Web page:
There’s little say about Adele herself, she has an incredible voice and a great sense for music and melody. It’s nice to hear someone with a great voice who doesn’t even need to bother with overblown pop. She has some big pop songs, sure, but they’re tasteful. And speaking of tasteful, “Best for Last” is some of the most tasteful production I’ve heard on a vocalist debut. Driven by an idiosyncratic bass line and her voice, she waits until the “fuck you” chorus to add any real production touches, and even then it’s just a bass drum and some harmonizing. Adele doesn’t really show off her voice on this song, but she doesn’t really have to. The lyrics are so harsh that anything more would be overkill. Yet for all of the harshness in the chorus, there’s still a sadness present in the verses.
The indignant response to a heartbreak.
Grade : A+
Adele | Best for Last
#6: Tyler Bates – Tree of the Dead SKIP (no one wants to hear the 300 soundtrack)
#7: John Mayer – Your Body is a Wonderland SKIP (I have this? Who hasn’t heard it, though, really.)
#8: The Beatles – Tomorrow Never Knows
This. Is. My. Shit.
It’s probably redundant to say anything about the closer to the best Beatles album, but it’s just as great as the rest of the album. It’s incredible to think that despite all their crazy studio advances, The Beatles still held songcraft so much to the heart. The cascade of sounds was new to everyone in 1966, but John Lennon’s voice and Ringo’s crazy drums hold it all together. What’s most curious is how dramatically different the other versions of this song sound. Given what they were working with (a 4 track and a crapload of tapes) it’s astounding how melodic it all is. Even George’s backwards guitar solo fits perfectly in place.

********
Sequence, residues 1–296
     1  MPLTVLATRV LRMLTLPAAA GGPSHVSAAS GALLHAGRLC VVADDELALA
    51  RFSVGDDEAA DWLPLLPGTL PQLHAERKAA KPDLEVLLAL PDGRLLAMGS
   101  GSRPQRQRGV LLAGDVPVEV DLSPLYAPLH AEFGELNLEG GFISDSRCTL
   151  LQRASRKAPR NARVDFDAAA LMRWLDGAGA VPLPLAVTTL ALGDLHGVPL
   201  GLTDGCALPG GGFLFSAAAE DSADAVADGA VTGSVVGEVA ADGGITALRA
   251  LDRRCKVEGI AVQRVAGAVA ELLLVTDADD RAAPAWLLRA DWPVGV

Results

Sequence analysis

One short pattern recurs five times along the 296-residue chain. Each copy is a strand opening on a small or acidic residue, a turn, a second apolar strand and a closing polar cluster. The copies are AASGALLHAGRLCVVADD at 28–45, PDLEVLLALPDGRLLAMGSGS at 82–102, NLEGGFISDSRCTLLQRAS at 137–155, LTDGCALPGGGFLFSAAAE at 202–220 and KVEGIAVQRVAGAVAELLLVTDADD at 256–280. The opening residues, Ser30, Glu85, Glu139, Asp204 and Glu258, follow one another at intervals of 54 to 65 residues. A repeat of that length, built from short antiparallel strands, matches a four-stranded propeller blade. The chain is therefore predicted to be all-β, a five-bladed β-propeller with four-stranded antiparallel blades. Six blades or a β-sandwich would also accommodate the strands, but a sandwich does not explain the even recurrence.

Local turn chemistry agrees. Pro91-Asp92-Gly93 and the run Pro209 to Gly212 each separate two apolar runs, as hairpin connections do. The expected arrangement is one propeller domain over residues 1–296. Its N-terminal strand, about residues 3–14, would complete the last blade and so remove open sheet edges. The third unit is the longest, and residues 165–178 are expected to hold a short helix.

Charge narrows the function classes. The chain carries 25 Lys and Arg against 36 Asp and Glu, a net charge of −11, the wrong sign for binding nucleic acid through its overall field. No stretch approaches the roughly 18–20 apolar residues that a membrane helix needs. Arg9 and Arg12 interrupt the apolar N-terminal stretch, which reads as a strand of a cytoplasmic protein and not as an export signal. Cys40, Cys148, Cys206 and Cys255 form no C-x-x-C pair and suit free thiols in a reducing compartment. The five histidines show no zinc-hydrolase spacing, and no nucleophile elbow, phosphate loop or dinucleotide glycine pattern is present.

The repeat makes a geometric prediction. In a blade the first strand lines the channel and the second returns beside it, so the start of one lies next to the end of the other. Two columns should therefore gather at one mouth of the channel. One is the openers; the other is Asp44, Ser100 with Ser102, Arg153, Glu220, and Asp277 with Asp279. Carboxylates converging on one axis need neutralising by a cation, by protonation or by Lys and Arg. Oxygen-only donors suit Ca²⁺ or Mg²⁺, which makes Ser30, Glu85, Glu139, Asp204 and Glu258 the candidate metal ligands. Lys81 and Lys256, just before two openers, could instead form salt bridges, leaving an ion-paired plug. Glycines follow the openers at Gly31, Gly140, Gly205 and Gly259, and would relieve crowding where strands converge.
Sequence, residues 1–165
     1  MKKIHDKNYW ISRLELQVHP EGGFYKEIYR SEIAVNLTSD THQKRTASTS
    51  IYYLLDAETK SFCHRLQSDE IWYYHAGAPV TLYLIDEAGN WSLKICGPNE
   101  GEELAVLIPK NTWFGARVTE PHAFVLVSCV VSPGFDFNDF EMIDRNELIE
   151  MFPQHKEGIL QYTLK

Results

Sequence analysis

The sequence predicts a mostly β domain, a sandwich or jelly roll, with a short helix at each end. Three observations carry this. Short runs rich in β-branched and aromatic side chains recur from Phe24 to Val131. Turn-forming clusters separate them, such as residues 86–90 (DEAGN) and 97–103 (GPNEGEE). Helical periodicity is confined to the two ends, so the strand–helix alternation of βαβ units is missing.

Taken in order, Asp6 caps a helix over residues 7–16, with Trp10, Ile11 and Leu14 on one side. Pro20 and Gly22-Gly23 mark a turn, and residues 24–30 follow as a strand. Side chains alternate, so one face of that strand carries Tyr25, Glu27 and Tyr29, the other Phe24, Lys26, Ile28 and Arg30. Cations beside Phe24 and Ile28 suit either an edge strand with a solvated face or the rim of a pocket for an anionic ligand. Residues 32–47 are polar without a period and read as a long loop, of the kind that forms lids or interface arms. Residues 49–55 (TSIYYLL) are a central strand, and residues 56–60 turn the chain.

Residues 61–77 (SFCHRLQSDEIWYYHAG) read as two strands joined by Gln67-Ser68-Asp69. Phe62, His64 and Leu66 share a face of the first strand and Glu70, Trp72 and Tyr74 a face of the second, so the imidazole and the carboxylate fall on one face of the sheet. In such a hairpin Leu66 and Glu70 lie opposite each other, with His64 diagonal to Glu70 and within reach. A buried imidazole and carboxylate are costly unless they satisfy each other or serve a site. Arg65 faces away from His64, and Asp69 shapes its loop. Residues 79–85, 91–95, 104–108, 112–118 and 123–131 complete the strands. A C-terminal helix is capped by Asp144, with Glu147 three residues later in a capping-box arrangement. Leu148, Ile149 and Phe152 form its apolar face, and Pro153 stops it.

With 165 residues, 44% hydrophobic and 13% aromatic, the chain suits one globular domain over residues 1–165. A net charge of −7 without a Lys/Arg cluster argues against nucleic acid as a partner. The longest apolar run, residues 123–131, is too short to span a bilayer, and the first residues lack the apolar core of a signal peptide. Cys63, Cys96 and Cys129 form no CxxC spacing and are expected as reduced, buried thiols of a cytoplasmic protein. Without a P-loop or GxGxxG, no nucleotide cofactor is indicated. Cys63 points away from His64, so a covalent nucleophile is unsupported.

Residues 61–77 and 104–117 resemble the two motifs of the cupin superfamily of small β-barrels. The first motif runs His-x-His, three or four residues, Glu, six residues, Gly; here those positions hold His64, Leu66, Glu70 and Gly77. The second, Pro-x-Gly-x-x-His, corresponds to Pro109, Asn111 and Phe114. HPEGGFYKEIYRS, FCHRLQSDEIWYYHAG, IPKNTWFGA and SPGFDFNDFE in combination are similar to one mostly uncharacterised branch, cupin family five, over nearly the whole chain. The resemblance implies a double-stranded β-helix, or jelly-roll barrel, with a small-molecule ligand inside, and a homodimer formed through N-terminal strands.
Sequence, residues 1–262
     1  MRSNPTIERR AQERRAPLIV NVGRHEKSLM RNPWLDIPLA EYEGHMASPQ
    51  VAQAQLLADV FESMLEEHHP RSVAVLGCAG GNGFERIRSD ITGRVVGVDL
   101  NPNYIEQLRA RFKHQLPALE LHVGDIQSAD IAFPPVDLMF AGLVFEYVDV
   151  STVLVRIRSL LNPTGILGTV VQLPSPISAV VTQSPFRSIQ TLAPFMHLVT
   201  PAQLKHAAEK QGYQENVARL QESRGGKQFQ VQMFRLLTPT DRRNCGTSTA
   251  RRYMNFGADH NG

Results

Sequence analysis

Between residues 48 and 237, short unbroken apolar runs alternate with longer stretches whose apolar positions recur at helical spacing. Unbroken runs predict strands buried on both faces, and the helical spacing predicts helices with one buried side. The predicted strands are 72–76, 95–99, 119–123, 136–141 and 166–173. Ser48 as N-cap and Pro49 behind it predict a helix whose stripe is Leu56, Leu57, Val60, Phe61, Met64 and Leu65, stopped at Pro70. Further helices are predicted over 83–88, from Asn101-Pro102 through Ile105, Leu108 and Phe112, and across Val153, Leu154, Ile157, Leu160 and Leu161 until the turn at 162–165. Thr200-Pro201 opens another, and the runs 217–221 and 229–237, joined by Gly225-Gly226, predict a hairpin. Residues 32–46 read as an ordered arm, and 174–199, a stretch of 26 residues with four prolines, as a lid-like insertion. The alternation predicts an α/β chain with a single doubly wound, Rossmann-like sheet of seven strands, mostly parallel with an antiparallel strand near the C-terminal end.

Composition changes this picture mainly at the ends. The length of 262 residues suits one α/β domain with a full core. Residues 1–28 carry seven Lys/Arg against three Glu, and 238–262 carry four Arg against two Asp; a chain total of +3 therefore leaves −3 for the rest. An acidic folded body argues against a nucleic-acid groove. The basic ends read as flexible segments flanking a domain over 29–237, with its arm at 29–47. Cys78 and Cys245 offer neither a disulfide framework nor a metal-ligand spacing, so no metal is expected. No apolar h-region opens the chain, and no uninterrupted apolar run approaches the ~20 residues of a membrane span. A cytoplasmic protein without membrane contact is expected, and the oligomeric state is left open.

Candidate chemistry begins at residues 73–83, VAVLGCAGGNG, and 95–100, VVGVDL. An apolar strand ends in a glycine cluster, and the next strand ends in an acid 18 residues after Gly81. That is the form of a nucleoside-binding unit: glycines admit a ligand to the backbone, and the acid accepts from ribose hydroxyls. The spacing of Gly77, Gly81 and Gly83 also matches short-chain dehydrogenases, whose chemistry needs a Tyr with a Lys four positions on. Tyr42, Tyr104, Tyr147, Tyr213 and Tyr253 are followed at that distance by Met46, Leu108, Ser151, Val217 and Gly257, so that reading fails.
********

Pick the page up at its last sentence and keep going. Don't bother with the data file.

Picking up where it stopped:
The Beatles have a lot of legendary lines, and even though John ripped off the first lines, “Turn of your mind, relax, and float downstream,” they stand as staples of drug culture. And even though Bono kinda killed the whole vibe that it had going in Across the Universe, it’s still the Beatles. The f’ing Beatles.
It’s a trip, to say the least.
[It’s an A only because the Beatles have a good 15 better songs.]
The Beatles | Tomorrow Never Knows
#9: Eric Clapton – Let it Rain
Another compilation song, this time from The Cream of Clapton. Clapton’s solo stuff has never been too terribly hot to me, he seems infinitely better in a band, Cream and Derek and the Dominoes being his highlights. “Let it Rain” has a pretty solid riff to kick it off and a surprisingly catchy chorus, but Clapton’s still not the singer he needs to be to lead a song and it has this “soft” sound that classic rock sometimes has. With a little more punch, this song could fly. You know, I bet it’s great live.
Eric Clapton – Let it Rain
#10: Cream – White Room
Well, I don’t know how this happened, but the last two songs of this post come from the same album. This song, however, is Clapton at his prime. “White Room” is a classic for a reason, and it’s a perfect example of the punch that I think “Let it Rain” needed. From the kick, it’s going to be big and it tells you. The first 4 blared chords are almost a demand to turn it up, and once you do, you’ll get a blues groove of the kind that Clapton had down to a perfection. His role as a guitar player in this song keeps him in the background, adding light touches that gradually demand more attention until he can finally start blistering away. Yet, were Clapton to sing this instead of Jack Bruce, I think it’d lose something. Bruce’s voice is simply bluesier than Clapton’s and not quite as smooth.
Grade : B+
Cream | White Room
Whew. I actually really liked doing that. I wish I hadn’t ended on three classic rock songs, but such is the nature of the beast I guess. I think I might do this more often, as its good for the days that I simply don’t have anything new to put up. I was surprised by how good the songs that I ended up with were, though, even if I did skip a few.